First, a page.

Anticipation of higher profits leads to an inducement to invest as well as to innovate. As the entrepreneur begins to forecast more profits he undertakes more investment which in turn creates more employment. This will generate more incomes which in turn, will create more demand for a variety of goods in the market. The prices of these goods will rise at a rate which is related to supply. Higher prices may lead to more profits and greater inducement to invest. The Keynesian Investment Multiplier will begin to operate and the economy will march towards prosperity especially by creating bullishness in the stock markets.
Whereas decline in profits signals the oncoming of depression because as profit margins dwindle, investment will fall as there would be not much of incentive to invest more. As the investment declines the Investment Multiplier will begin to operate in reverse. Employment will fall, incomes will decline, demand for goods overall will fall, prices start falling and profits will fall further still. The economy begins to slide into depression. Therefore profits play a crucial role as a causative factor in different phases of trade cycle. It is not necessary that profits of all the firms will be either rising or falling at the same rate and therefore the margin of profits will help in determining the direction in which the community’s resources should be flowing.
The institution of profit is often subject to criticism and is looked upon with suspicion because the range of profits is responsible for widening the area of inequality. It leads to concentration of power and wealth. Often it is believed that profit is the result of exploitation of labor as well as the class of consumers i.e. the workers will be paid relatively lower wages to reduce costs; consumers may be charged higher prices to extract more return and thereby the entrepreneur will be enjoying more and more profits through exploitation of both labor and consumers. However in the absence of profits there would be no other incentive which would provide inducement to undertake risky business ventures and therefore fair amount of profits would be justified in the area of Managerial Economics.
Besides, when we are analyzing the role of profits, weightage needs to be given not to the amount of profits but to the use to which the earned profits are employed. If profits are used for promoting labor welfare or for development of research or for innovations or are even ploughed back for further production then profits should not be looked upon with contempt. But if profit is the outcome of exploitation then such amount of profits should be controlled. If the profits emerge out of restrictive trade practices then the Government has an important role to play in preventing such restrictive trade practices. Abuse of monopoly power as a result of emergence of profits is definitely considered to be an evil and needs to be controlled but if the profits are diverted for betterment of business research, innovation and development and for promoting labour welfare, after honoring the tax liabilities then profits need not necessarily be looked upon as an evil. In fact, the amount of profit and the use of it provide the Acid Test of the business success or otherwise of the business enterprise.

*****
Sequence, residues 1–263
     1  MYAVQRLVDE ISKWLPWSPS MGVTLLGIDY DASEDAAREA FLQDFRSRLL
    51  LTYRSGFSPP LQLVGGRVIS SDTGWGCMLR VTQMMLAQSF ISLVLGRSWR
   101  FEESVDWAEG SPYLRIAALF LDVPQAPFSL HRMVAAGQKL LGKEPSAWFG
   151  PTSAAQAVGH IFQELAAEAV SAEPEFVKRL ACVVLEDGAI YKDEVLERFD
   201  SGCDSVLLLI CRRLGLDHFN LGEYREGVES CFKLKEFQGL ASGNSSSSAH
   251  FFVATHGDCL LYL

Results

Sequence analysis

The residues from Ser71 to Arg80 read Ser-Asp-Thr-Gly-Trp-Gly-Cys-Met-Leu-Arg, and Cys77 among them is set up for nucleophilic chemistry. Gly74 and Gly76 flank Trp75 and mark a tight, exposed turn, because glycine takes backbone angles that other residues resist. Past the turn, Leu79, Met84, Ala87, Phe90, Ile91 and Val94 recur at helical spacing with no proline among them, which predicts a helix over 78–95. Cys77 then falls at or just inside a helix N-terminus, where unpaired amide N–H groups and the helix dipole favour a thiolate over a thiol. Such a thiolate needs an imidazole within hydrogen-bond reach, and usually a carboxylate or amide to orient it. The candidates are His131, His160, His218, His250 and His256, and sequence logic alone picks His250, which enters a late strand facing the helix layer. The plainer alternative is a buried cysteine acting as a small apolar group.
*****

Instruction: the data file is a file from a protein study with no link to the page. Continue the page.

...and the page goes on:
Keynesian Investment Multiplier: The multiplier is one of the main tools for establishing a relationship between income, investment, consumption and employment as developed by Keynes in his The General Theory. The multiplier, according to Keynes, “establishes a precise relationship, given the propensity to consume, between aggregate employment and income and the rate of investment. It tells us that, when there is an increment of investment, income will increase by an amount which is K times the increment of investment.” The notion of investment multiplier is most relevant when the economy is functioning somewhere below its full-employment level and market forces, which normally impinge on prices, wages and the interest rate, are not working.